Intensive studies were undertaken and field data was collected with respect to diversity, presence of tribals, regeneration of the forest and biotic association. An inventory was carried out, and local names and traditional uses were recorded. Information on the soil and topographic factors of the habitat was also collected. To date 327 plant species have been collected; this constitutes 8.1% of the total recorded flora of Karnataka. 190 (or 58%) of the 327 species collected are of medicinal importance. 63 of these species are used by the local tribals for minor ailments. 57 species among the 190 medicinal plants are in the priority list prepared by FRLHT for conservation, and two species are considered threatened.

In addition to floristic studies, studies on diversity, tribal presence, regeneration of the forest, standing volume and environmental factors which might affect the above parameters are being studied in a systematic manner. 20 transects, each of 250 metres length and 4 metres width, have been laid out in different parts of the MPCA. The information collected will be analyzed and used in the development of the management plan of the MPCA. These transects have been permanently marked, and monitoring will be carried out every 5 years.

The results from the floristic and transect studies are also being used in formulation and implementation of other activities under the MPCA programme. These include protection and rehabilitation of the in situ area, nursery raising of medicinal plants, raising of community awareness and training of field staff.

The protection activity in the MPCA is mainly confined to fire protection since physical protection is taken care of by the staff of the wildlife sanctuary. Fire is a major threat and protection measures like fire breaks and deployment of staff to monitor and control fire, are being undertaken. Rehabilitation work is mainly in the form of soil and moisture conservation measures, removal of weeds (Lantana and Eupatorium) and rehabilitation of bare areas.

The MPCA nursery raises seedlings to be grown in fields and home-gardens. 17 medicinal plant species, suggested by FRLHT, and in use in primary health care, are being propagated on a large scale. This nursery also propagates rare, endangered and threatened species. Vivekananda Girijana Kalyana Kendra (VGKK), a local NGO, is involved to a larger extent in the ex situ conservation programme called "Medicinal Plant Conservation Park" (MPCP) programme. VGKK has a nursery with greenhouse to multiply medicinal plants and rare and threatened species; an ethno-medicinal forest area in which these species are collected and cultivated; a seed and drug museum; and a herbarium to educate and motivate people in conservation.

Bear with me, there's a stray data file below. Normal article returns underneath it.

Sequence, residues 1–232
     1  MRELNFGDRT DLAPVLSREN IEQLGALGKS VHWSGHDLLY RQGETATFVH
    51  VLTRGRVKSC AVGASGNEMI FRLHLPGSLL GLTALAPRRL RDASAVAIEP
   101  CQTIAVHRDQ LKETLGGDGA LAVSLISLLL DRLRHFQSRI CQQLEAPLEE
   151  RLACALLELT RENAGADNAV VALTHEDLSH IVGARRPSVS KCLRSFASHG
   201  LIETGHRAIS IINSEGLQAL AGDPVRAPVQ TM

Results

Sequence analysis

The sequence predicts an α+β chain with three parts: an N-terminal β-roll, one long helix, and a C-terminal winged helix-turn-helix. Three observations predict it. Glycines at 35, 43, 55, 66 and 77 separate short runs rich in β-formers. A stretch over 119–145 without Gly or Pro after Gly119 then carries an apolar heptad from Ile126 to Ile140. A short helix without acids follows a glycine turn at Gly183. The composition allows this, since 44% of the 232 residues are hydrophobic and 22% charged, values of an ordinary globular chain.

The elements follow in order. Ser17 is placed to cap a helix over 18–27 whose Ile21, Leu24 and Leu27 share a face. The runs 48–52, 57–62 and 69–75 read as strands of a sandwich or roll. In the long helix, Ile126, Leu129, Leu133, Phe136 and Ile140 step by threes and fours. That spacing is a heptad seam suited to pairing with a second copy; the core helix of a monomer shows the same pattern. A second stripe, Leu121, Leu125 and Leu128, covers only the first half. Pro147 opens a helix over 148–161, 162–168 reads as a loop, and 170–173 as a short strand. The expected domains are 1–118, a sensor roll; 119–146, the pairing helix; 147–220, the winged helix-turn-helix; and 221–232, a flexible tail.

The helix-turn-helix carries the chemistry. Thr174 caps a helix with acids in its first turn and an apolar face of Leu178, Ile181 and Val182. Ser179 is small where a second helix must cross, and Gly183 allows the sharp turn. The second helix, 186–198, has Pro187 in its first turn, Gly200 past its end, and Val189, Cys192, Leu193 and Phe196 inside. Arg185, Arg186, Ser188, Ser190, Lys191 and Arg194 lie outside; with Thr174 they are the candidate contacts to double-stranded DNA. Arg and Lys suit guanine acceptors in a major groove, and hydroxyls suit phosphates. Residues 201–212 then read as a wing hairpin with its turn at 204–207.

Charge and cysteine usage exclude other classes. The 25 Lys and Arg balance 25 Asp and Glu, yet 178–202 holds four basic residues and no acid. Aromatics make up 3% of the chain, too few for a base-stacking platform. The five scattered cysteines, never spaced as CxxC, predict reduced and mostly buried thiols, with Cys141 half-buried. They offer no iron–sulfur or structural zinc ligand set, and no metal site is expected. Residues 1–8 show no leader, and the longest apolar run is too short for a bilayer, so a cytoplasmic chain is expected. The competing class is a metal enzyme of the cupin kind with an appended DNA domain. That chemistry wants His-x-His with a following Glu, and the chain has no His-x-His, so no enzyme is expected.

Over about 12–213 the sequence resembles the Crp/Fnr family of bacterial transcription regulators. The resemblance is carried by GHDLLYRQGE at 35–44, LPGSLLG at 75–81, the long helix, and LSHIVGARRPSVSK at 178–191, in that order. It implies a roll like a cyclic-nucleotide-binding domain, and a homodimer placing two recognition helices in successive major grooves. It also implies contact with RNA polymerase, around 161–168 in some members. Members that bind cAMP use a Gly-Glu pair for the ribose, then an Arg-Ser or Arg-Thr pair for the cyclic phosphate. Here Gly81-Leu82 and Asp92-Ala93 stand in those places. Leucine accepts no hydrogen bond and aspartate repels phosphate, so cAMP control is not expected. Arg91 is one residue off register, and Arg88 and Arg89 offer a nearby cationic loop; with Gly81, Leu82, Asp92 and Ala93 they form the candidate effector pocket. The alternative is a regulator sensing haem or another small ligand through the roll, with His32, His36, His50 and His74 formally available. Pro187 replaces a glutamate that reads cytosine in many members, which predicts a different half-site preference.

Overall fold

Regular training of field staff in different aspects of medicinal plant conservation, and involvement of the community in conservation, is being provided by FRLHT with inputs from scientists and specialists from universities, NGOs and government. Training courses and workshops are held for all the levels of field staff starting from forest guards and foresters, range forest officers, Assistant Conservators of Forests and Deputy Conservators of Forests. The course material provided and the feedback collected have helped to more effectively implement the conservation programme.

The community awareness and interaction programme is the most important element in the MPCA programme. Since local tribals, "soligas", live in the area, their involvement will be essential to ensure long-term sustainabilility of conservation efforts. This programme is being implemented with active participation of the VGKK. They have been working with the local tribals in the fields of health, education and community development for the last 20 years. The Forest Department conducts regular meetings involving the tribals at which action plans for conservation are formulated. Another important effort in involving the tribals in conservation has been the establishment of a model production unit (MPU) for producing herbal medicines in bulk from locally available medicinal plants. The tribals who are involved in collecting and marketing these products through co-operatives will be able to get better prices through value adding. This effort will also provide gainful employment and over the years will help in sustainable utilisation of medicinal plant resources. Since conservation is linked to utilisation and financial incentives through value adding and gainful employment, tribals have shown interest in this effort.

The medicinal plant conservation effort at B.R. Hills with an in situ, ex situ and community participation approach is a co-ordinated effort involving government, NGOs and local people. This pilot area provides an example of a very effective conservation effort which could be duplicated in other areas with similar conditions.


The author is grateful to FRLHT for providing financial support to undertake these studies, the Forest Department for providing logistic support and the University for permission to conduct these studies.


Farnsworth, N.R. and Soejarto, D.D. (1991). Global importance of medicinal plants. Pages 25-52. In Alayiwala Akerele, Vernon Heywood and Hugh Synge (Eds.) conservation of Medicinal plants. Cambridge University Press.

Kammathy, R.V., Rao, A.S. and Rao, R.S. (1967). A contribution towards a flora of Billigirirangan Hills, Mysore State. Bul. Bot. Surv. India 9 (1-4), pp. 206-234.